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OADI 2015 - Theory & Practice of Diplomacy

Type d'enseignement : Lecture and tutorials

Semester : Autumn and Spring 2017-2018

Number of hours : 24

Language of tuition : English

Pre-requisite

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Course Description

Building on the history of diplomacy, its actors and practices, this course will provide students with the necessary tools better understand and analyze the contemporary issues and challenges of the “art of negotiation”. A senior career diplomat, Mr. Moratinos served as Minister of Foreign Affairs and Cooperation (2004-2010) and Special Representative of the European Union for the Middle East (1996-2003). In his term at the head of the Ministry of Foreign Affairs, he held the presidency of the United Nations Security Council and the chairmanships-in-office of the Organization for Security and Cooperation in Europe (OSCE), the Council of Europe and the Council of the European Union.

Teachers

  • MORATINOS, Miguel Angel (Professeur associé à Sciences Po)
  • TENENBAUM, Charles (Maitre de Conférences)

Course validation

Negotiation Simulations (60%, group) : during the four last sessions, groups of students will present a case of negotiation simulation. Each group will have previously chosen a case study (ancient or contemporary diplomatic negotiation) approved by the teacher. The group will hand out a max 10 pages' report (electronic version to be sent by the end of semester, paper outline to be handed out in class) presenting the context and main characteristics of the studied negotiation along with elements of negotiation strategies. The group will engage in a simulation of the negotiation using techniques and principles studied in class. Read & discuss (40%, Individual or by group of 2) : for each session, students will present a text previously distributed to the class. Not exceeding 10 minutes, the Read & Discuss presentation will provide the audience with elements of contexts (the author, its writings), a summary of the text's main arguments along with a personal point of view related to an existing theoretical or political debate. A two-page written version of the Read & Discuss exercise will be submitted online no later than the Friday preceding the Monday/Tuesday course session. All students should have read one of the texts distributed online for the corresponding session. Essential texts are to be found in ‘Read & Discuss' files on Google Drive. These are the texts to be presented in class. Or, Diplomacy in the news (40%, individual or by group of 2) : during each session, a group of students will present a recent diplomatic event, negotiation process or issue related to ongoing international political debate. In a 10-min format, this “Diplomacy in the news” review will have to present the players at stake, their strategies and the overall dynamic of contemporary diplomatic issues. This work should be based on newspaper article but might also include contents from specialized online blogs and journals dedicated to foreign affairs and diplomacy. An outline of the oral presentation should be submitted online no later than the Friday preceding the Monday/Tuesday course session.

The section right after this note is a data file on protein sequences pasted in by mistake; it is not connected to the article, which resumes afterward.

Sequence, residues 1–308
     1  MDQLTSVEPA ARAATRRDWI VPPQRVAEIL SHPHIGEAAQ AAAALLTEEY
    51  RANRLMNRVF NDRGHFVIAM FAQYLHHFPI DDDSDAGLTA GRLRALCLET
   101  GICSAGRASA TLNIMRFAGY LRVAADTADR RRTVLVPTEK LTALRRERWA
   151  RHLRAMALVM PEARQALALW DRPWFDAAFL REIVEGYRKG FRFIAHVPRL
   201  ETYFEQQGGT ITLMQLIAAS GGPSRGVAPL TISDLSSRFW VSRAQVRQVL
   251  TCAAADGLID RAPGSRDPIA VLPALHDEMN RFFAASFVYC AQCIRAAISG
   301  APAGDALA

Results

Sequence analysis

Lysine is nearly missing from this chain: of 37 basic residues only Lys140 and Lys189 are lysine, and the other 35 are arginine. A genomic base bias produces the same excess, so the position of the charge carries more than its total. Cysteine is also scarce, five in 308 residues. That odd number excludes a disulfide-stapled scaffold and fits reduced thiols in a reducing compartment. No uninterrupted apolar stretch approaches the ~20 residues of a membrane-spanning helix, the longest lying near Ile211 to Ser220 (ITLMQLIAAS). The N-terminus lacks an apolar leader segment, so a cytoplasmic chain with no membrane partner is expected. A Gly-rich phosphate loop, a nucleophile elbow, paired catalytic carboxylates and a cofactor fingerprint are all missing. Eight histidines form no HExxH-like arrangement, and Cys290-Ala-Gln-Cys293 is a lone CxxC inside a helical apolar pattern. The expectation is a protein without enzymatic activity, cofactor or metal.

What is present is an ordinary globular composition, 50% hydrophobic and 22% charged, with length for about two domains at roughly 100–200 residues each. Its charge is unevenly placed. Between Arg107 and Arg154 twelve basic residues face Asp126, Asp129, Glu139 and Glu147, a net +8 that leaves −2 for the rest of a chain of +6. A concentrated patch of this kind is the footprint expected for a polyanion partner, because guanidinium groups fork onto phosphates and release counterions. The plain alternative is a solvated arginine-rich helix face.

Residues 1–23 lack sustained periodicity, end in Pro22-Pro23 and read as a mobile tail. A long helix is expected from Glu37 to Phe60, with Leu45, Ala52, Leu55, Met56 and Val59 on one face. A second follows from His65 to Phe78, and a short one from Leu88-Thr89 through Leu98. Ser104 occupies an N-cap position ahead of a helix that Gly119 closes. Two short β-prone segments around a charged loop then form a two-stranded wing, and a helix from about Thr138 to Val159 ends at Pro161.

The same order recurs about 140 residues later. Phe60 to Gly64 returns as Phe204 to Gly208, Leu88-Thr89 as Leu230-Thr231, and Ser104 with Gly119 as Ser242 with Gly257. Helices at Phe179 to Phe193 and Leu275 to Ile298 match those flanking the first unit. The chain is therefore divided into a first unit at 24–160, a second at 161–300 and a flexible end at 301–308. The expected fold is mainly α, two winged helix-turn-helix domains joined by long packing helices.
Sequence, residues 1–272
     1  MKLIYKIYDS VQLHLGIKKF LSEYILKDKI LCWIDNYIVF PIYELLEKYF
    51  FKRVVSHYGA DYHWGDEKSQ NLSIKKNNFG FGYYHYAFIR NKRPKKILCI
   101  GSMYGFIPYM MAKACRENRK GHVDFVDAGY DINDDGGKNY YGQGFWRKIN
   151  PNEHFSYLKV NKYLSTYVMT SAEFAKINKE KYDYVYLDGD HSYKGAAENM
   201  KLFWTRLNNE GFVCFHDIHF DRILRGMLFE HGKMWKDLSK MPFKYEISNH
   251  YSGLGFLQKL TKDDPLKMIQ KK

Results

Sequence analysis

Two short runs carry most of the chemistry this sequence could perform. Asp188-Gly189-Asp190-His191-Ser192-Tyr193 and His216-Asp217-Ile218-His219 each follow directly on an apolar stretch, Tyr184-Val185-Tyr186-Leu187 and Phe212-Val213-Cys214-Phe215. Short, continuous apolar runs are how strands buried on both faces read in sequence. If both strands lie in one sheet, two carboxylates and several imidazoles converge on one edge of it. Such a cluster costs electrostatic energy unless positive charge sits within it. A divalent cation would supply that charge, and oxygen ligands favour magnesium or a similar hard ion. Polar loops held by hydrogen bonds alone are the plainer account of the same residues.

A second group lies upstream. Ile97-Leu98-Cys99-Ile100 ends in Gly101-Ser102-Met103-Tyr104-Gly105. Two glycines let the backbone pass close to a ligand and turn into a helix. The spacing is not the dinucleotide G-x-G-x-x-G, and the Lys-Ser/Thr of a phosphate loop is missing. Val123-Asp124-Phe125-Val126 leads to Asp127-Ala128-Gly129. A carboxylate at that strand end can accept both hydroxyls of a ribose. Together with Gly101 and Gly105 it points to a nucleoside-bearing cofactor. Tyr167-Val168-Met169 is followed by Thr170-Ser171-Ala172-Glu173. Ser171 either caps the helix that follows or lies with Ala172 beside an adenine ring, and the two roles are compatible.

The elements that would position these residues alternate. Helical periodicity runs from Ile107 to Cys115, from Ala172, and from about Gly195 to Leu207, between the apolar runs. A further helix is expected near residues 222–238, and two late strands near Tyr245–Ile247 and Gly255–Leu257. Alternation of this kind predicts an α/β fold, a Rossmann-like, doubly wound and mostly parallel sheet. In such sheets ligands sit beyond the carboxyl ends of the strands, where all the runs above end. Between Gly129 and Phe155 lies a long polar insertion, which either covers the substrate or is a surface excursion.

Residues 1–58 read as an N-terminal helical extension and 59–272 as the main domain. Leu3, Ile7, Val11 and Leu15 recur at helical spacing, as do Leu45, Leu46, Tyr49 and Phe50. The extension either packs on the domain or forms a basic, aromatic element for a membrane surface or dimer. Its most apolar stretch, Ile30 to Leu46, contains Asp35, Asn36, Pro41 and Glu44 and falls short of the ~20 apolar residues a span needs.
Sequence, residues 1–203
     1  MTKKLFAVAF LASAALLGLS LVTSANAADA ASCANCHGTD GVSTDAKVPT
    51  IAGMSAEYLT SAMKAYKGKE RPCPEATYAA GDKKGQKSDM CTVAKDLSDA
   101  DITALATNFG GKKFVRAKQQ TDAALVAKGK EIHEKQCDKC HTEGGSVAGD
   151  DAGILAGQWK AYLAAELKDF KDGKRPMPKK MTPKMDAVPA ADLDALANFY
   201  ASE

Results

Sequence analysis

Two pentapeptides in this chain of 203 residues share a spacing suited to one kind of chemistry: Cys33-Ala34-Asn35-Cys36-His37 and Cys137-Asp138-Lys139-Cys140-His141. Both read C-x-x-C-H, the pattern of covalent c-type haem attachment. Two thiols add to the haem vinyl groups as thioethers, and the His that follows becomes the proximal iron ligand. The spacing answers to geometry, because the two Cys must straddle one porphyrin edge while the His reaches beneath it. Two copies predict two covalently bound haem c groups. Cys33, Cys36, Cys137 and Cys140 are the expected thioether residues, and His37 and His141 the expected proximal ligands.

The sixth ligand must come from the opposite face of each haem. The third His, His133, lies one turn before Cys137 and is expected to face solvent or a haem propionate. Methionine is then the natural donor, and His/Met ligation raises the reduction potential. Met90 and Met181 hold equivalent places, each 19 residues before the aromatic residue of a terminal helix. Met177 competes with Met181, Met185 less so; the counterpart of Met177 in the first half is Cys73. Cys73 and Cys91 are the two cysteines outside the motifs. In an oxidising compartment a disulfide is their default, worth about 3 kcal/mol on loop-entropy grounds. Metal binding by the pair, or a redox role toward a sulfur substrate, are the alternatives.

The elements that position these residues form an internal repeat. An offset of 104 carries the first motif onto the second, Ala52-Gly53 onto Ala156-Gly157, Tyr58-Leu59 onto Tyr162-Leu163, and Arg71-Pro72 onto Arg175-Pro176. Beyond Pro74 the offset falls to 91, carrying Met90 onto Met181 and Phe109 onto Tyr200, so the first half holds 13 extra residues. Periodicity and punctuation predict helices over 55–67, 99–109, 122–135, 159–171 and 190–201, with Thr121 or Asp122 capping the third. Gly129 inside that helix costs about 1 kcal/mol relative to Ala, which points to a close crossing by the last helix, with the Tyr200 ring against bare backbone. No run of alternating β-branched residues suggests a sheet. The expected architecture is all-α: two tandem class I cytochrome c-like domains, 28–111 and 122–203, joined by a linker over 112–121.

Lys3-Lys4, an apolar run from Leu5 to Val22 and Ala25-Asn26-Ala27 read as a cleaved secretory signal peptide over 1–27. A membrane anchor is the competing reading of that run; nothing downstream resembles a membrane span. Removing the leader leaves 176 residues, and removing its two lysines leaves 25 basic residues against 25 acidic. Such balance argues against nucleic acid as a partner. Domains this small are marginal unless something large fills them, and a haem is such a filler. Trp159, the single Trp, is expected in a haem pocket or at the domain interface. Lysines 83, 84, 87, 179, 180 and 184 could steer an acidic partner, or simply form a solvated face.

Workload

Attendance and student participation in class.Students should actively and regularly take part to the class discussions. A general debate on the issue of strategies of Appeasement vs. Use of force will be organized during the semester. Relevant texts will be circulated beforehand in order to best prepare for the particular session.

Required reading

Berridge, Geoff. Diplomacy : Theory and Practice. Houndmills Basingstoke Hampshire, New York: Palgrave Macmillan, 2005

Additional required reading

  • Berridge, Geoff. Diplomacy : theory and practice. Houndmills Basingstoke Hampshire, New York: Palgrave Macmillan, 2005
  • Cohen, Samy. Les diplomates : négocier dans un monde chaotique. Paris: Autrement, 2002
  • Hamilton, Keith, and Richard Langhorne. The practice of diplomacy : its evolution, theory, and administration. London ; New York: Routledge, 1995
  • Melissen, Jan. Innovation in diplomatic practice Studies in diplomacy. New York: St. Martin's Press, 1999